When Dreams Come True

In 1990, the Japanese film director Akira Kurosawa released his film Dreams toward the end of his long career. The aim of the project was to put on film some of the vivid dreams he could recall from his lifetime. The dreams depicted are joined by a common theme of man's relationship to his environment, but otherwise this is a collection of short stories. The film was made in the years immediately after the Chernobyl catastrophe when both the Japanese anti-nuclear movement and nuclear industry were expanding rapidly. Perhaps because it had a strongly anti-nuclear message in the latter part of the film, Kurosawa found it impossible to raise the funding for production. It was Steven Spielberg who helped arrange backing through Warner Brothers.
The film received mixed reviews at the time, and it is likely that no one expected the unconventional, surrealistic concept to be a blockbuster. Regardless of whether you like the film, one of its segments takes on new significance in the post-Fukushima era. The segment titled Mount Fuji in Red depicts the eruption of Mount Fuji which subsequently causes multiple meltdowns at a nearby nuclear power plant (which would be the now idled “time bomb” called the Hamaoka Nuclear Power Plant in Shizuoka prefecture.) The dream follows two men, a mother and her two children as they flee toward the sea where panicking refugees are throwing themselves into the ocean like lemmings. The dream consists of dark humor and illogic (color coded clouds of radionuclides), which might tempt the literal minded to dismiss it as nonsense, but, in case it needs to be pointed out, the artist was trying to get at an underlying truth.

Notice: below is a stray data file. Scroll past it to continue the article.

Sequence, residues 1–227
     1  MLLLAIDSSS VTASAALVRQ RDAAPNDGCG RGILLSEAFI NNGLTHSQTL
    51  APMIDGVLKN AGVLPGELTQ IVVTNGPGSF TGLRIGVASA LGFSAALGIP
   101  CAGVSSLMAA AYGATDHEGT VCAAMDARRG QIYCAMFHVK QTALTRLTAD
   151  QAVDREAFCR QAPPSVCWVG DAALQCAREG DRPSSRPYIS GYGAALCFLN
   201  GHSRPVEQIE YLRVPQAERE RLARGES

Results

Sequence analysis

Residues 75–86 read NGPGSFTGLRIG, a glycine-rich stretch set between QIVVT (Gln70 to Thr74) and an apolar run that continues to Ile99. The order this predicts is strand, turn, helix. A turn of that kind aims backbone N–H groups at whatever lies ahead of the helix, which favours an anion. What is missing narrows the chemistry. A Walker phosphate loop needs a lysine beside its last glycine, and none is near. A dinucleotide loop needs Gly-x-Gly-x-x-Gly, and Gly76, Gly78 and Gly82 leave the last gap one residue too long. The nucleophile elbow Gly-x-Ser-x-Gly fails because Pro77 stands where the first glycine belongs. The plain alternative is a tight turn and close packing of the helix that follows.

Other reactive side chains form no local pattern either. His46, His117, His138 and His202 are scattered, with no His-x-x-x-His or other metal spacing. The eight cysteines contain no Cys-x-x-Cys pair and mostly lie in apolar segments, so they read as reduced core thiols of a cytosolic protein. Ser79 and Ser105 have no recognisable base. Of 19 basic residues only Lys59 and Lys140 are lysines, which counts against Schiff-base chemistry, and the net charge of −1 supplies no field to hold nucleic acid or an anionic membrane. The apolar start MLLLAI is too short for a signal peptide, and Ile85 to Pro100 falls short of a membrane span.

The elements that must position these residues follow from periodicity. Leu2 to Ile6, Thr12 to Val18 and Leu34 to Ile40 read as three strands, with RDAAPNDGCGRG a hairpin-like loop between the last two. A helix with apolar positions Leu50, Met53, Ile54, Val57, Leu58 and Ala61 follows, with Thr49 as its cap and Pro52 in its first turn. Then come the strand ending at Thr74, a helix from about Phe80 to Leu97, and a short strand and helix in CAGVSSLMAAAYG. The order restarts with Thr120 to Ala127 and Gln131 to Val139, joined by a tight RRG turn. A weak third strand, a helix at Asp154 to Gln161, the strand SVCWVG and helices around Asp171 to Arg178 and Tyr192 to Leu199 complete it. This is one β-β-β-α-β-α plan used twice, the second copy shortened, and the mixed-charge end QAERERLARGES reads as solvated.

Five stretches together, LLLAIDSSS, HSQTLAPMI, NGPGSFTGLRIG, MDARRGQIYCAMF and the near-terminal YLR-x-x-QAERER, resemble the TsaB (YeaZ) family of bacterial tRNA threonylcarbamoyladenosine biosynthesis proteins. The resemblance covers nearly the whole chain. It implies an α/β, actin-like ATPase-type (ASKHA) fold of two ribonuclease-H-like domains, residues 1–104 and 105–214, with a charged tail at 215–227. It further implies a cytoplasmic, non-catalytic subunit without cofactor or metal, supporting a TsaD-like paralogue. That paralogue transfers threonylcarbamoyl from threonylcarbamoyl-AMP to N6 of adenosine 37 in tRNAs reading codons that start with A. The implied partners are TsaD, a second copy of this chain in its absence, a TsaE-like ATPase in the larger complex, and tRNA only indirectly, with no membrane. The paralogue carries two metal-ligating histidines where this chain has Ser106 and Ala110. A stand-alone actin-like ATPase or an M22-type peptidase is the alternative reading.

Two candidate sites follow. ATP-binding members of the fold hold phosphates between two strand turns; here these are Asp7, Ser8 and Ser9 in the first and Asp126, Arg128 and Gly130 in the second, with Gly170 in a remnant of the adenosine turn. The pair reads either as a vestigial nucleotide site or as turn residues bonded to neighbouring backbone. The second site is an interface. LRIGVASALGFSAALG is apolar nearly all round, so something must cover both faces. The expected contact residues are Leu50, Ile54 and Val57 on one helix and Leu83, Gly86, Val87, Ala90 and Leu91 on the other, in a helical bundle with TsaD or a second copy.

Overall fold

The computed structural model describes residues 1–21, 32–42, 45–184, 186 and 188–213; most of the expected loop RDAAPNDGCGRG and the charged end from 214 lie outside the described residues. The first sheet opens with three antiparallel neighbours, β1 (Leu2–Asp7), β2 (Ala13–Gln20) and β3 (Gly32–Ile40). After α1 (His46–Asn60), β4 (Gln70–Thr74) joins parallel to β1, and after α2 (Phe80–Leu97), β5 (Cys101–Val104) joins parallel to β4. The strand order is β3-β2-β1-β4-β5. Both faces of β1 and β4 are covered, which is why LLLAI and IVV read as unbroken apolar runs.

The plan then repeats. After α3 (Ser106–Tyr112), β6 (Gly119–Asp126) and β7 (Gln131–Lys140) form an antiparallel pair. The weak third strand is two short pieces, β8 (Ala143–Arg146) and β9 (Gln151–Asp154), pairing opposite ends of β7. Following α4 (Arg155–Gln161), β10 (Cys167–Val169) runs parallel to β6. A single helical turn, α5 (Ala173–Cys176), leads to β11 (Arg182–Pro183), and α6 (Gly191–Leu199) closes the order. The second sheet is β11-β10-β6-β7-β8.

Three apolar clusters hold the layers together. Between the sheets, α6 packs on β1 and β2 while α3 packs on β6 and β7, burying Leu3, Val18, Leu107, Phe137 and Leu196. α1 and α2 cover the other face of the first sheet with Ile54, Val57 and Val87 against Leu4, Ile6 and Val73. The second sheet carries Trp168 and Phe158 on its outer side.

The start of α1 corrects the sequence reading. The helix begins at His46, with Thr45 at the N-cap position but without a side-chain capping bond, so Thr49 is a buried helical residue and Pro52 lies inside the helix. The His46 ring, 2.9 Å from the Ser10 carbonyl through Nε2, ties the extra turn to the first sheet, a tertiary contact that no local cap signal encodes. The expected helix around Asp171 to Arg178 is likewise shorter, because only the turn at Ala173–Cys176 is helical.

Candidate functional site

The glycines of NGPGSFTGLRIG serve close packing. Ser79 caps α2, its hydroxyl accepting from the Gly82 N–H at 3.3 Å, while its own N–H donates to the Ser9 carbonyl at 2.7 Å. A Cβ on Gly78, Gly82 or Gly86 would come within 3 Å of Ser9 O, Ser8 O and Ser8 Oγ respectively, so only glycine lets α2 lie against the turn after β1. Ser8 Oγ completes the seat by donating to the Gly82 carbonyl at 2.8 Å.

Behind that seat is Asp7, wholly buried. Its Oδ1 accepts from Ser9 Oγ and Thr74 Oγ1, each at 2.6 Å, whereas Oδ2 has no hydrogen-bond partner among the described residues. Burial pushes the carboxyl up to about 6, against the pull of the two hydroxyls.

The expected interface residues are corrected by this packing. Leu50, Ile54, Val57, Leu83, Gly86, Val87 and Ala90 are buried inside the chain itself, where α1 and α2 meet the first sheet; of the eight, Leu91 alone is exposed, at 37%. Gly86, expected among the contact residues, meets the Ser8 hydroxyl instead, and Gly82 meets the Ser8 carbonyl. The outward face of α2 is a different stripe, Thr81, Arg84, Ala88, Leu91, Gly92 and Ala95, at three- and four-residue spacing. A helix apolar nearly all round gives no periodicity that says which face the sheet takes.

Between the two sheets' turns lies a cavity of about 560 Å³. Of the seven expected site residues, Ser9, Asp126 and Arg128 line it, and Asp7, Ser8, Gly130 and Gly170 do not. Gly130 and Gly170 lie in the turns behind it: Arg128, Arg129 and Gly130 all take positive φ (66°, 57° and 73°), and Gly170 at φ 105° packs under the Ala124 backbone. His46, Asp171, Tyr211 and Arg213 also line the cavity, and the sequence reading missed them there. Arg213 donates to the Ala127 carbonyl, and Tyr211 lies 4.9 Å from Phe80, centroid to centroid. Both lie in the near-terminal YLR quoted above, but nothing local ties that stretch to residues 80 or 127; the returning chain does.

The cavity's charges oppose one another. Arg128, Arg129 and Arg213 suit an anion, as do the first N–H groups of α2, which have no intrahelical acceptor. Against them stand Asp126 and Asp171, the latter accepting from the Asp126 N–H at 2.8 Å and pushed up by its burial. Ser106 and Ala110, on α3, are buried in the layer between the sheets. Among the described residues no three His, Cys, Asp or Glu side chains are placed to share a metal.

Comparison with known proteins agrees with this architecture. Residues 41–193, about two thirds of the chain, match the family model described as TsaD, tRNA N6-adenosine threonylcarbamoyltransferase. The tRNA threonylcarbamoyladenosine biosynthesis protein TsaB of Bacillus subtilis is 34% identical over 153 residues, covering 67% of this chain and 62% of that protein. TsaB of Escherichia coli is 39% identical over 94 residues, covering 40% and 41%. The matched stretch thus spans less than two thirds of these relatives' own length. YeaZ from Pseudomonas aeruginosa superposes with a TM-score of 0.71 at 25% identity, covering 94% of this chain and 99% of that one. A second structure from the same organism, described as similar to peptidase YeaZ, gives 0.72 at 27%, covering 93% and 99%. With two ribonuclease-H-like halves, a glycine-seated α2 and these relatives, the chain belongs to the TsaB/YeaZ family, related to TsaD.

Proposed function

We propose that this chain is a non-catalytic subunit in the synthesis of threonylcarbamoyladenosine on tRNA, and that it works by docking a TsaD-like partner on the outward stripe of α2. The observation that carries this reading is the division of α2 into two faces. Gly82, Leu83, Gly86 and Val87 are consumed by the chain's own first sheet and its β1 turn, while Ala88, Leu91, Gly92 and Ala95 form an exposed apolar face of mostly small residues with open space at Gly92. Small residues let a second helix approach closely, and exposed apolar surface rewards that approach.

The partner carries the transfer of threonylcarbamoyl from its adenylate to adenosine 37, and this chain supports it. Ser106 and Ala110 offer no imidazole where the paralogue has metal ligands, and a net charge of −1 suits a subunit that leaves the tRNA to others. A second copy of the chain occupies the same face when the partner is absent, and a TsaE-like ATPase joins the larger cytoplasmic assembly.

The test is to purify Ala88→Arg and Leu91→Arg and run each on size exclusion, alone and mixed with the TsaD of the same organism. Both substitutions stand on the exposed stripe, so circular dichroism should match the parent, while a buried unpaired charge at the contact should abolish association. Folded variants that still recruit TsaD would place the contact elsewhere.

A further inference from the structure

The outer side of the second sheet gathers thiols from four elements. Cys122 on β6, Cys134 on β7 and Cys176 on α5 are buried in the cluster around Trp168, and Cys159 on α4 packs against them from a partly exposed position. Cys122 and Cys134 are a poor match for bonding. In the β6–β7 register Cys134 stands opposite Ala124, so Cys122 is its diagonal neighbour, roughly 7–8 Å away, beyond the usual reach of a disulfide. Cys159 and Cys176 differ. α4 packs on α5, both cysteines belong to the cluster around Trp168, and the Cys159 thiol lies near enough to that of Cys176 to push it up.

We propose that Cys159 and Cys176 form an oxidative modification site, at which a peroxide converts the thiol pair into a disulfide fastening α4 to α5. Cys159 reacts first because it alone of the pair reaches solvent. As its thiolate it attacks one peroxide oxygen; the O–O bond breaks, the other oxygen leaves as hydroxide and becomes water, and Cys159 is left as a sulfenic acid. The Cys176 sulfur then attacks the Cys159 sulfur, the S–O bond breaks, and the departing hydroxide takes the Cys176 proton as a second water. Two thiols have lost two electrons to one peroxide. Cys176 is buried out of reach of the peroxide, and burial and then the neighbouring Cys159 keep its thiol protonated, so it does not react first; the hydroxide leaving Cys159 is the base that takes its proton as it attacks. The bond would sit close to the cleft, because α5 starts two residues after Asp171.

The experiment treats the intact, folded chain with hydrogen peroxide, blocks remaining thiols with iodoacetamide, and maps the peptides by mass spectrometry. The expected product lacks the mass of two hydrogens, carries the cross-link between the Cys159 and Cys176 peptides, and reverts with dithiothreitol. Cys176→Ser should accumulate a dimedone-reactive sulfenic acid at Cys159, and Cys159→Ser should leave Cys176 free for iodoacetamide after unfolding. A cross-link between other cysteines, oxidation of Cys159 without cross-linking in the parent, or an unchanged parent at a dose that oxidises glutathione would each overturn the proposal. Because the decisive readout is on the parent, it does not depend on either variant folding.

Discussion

Some reviewers at the time were withering in their comments:

Time Out London: Not a little reactionary, the film's main achievement is to show a once impressive director quite out of touch both with the world and with developments in cinema. Much of it is like a moron's guide to the Green manifesto, transforming serious issues into banal trivia...

Heroic Cinema: Kurosawa’s message here is as subtle as a brick: humanity is spoiling the world, with pollution, consumerism and ignorance.

Entertainment Weekly: The picture devolves into a series of obscure, finger-wagging lectures on the subjects of nuclear war, pollution, etc. Even for those seeking faint echoes of Kurosawa's greatness, Dreams, I'm afraid, is a dud.

The Washington Post: "Pontifications" might have served as a more accurate header. Or better yet, "Sermons."... There's so much uninflected, cautionary preaching, with so much sage advice being passed down, that you begin to feel as if you're watching some sort of epic after-school special.

At the time, it might have seemed over-the-top and hysterical to preach about a geological event triggering a nuclear meltdown, but now, not so much. Now that it has happened, and now that the destabilizing effects of climate change are plain to see, the visions and warnings of "scientifically illiterate" artists of the past don't seem so easy to sneer at. Tsunamis, massive earthquakes, floods and drought are real threats to the world's 400 nuclear power plants. (For another work of art worthy of mention here, go to The Talking Heads' Nothing But Flowers, which appeared about the same time as Dreams.)
A four-minute segment of Mount Fuji in Red can be seen here on Vimeo.com but it may not last. Hopefully, Warner Brothers will consider it fair use for review such as this, and beneficial promotion for an old film in their catalog. If you can't view the video, the next best thing is to see the storyboard series of photos below.

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